By Tom Boyd
Ginn, Cordillera issue lukewarm denials about pending deal on Battle Mountain
August 13, 2009 —
Denials were flying like errant tee shots Thursday on various blogs and in the Vail Daily concerning our report Wednesday that Cordillera, the Ginn Company and Philadelphia real estate investment firm Lubert-Adler were in talks to merge two massive Vail Valley projects.
In a Vail Daily story, both a Ginn spokesman and a Cordillera representative said talks about merging the proposed Battle Mountain private ski and golf community near Minturn and the existing Cordillera residential golf resort near Edwards were very preliminary and nothing was imminent.
That’s odd given this language in a mailer sent out by the new Cordillera ownership to homeowners who aren’t club members July 30 to get them to buy memberships:
“We are in discussions to participate in the development of this project [Battle Mountain] and have talked about the idea of renaming the mountain ‘Cordillera Mountain.’”
The document goes on to detail Lubert-Adler’s potential purchase of between 200 and 250 Cordillera golf club memberships to entice Battle Mountain buyers, and it states that in exchange, Cordillera would locate its “Cordillera Mountain Lodge” and “Cordillera Mountain Club” in a prime slope-side location at the proposed private ski mountain between Minturn and Red Cliff.
“Membership demand will increase over the next several years,” reads the pitch. “It is our expectation that the new real estate development in the Cordillera community and the affiliation with Battle Mountain will create a significant demand for Cordillera memberships.”
So if this was just a quick conversation over a cup of coffee, why this level of detail in a document meant to get Cordillera homeowners to buy club memberships before they get priced out by the pending Battle Mountain deal? Seems like a bit of an oversell if the whole thing was just a “preliminary conversation.”
Florida real estate blogger Toby Tobin took note of our report as further evidence of the unraveling of “GINNdom” — his term for the former golf-resort empire, mostly in the Southeast, of Battle Mountain developer Bobby Ginn.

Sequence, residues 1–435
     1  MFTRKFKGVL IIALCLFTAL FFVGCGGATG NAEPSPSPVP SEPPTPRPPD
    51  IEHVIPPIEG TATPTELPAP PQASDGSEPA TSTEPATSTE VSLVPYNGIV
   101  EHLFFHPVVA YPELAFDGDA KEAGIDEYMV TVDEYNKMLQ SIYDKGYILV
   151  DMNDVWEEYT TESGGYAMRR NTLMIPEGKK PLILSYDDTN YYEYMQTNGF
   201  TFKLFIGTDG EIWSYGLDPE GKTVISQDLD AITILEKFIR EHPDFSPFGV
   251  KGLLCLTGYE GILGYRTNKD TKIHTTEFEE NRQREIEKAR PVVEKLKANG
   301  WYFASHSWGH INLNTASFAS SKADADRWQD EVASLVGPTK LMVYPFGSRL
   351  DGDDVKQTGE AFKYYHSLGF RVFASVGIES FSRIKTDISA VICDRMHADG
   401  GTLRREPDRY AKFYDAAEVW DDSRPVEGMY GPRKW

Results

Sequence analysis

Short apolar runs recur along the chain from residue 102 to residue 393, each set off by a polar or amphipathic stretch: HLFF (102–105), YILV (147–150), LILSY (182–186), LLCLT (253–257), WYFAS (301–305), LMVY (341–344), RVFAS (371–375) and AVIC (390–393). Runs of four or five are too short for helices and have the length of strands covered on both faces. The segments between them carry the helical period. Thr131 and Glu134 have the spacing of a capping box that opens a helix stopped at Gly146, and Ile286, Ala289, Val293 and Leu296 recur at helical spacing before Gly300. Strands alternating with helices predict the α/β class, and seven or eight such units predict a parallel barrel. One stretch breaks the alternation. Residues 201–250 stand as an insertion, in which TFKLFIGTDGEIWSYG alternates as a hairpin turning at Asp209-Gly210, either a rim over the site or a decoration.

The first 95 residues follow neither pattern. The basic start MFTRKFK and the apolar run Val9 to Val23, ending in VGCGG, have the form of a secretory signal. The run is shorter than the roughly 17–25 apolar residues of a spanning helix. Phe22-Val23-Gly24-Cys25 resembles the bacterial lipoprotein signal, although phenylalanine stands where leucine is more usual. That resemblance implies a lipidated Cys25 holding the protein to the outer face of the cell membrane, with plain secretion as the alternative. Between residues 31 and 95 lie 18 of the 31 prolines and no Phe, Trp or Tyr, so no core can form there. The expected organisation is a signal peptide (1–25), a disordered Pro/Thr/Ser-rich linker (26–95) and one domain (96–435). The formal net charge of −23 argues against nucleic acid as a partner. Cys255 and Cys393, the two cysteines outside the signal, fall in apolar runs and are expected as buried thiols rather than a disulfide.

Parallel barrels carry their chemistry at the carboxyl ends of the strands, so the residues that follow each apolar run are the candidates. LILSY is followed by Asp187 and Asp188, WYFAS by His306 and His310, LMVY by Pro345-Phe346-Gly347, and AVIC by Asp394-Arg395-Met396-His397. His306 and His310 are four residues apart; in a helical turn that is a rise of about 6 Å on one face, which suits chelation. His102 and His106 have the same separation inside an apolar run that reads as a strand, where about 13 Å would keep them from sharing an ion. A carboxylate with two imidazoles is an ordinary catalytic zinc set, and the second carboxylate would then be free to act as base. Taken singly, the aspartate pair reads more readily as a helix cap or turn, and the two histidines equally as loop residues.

Here’s First Tobin’s take:
“Ginn’s late 1990s rebirth in Florida gained headway when he became financially wedded with [Philadelphia-based real estate investment firm Lubert-Adler]. Now the marriage is on the rocks. The GINNdom is unraveling. Ginn no longer operates the several communities and resorts. Lubert-Adler brought Reynolds Communities, Noble Investments and others in as the new operators. Two South Carolina communities, Cobblestone Park near Columbia and RiverTowne near Charleston reportedly are under contract with new buyers.
“Now, Lubert-Adler [also a Cordillera investor] appears to be bringing its two troubled Vail area investments together. Will two wrongs make a right? Or will it take three?”
And here’s Ginn Company spokesman Ryan Julison’s response to Tobin’s post:
“We are not currently in discussions with Cordillera regarding any merger or partnership. However, we have had conversations with numerous parties who are interested in being part of this development and we will continue to do so in the future. Our primary focus is working with the Town of Minturn and other regulatory agencies to continue to move this project forward.”
That’s a bit different from what he told the Vail Daily:
[Ginn spokesman Ryan] Julison said the Ginn Company has had “very preliminary” discussions with both Cordillera and other potential partners in the Battle Mountain project.
“For now, we're just focused on working with the town of Minturn and getting the required approvals,” Julison said.
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